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Clarice's Pieces: The Quest for the Great Pizza


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American Thinker:

About two years, ago, inspired by the fantastic work of Sullivan Street Bakery's, Jim Lahey, I tried my hand at artisan bread. Oh, to be sure, I tried bread making before but even though I am a rather decent cook and baker, good tasting bread escaped my reach until Jim came along with his brilliant idea of making a wetter dough, using instant yeast, letting it rise for a long time and then baking it in a preheated Dutch oven -- all of which duplicates the effect of baking in steam injected commercial ovens while avoiding the time consuming efforts of first making starters, bigas, poolishes.

The bread was so easy and delicious that I bought his book to learn how to make more breads and pizzas and sandwiches. I highly recommend you work your way through this and try some of the other treats in it -- like the incredible stecca, long olive oil coated Italian loaves studded with garlic or olives or cherry tomatoes .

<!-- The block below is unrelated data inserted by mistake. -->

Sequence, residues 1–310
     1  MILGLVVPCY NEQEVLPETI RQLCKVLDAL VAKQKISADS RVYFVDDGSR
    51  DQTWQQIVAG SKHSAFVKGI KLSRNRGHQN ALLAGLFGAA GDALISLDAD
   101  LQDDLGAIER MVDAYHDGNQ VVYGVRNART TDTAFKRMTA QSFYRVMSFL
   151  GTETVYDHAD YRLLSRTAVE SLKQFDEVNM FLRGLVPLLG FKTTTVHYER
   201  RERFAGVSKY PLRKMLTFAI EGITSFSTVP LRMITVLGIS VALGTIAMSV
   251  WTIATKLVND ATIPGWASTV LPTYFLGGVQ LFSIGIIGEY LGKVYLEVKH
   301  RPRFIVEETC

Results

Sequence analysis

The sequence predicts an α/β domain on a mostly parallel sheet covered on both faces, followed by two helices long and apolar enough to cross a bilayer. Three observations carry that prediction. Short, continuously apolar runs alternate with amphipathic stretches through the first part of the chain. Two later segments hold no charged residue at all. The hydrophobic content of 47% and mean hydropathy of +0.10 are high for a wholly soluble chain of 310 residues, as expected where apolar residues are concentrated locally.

My husband's co-worker is married to a man who is also obsessive about cooking and when he sought her sympathy over what was going on in our house, she dismissed him with," It could be a lot worse. They could be into cars or drugs." Well, I suppose I should warn you, that once you try the Leahy beads and see how easy it is to make first class artisan loaves, you wouldn't want to stop learning more.

My next foray was into Artisan Bread in 5 Minutes a Day, the collaborative work of a Minnesota Doctor (Jeff Hertzberg) and pastry chef (Zoe Francois) which has led to their own website, another book, and a third (on pizza and flatbread)on the way.snip
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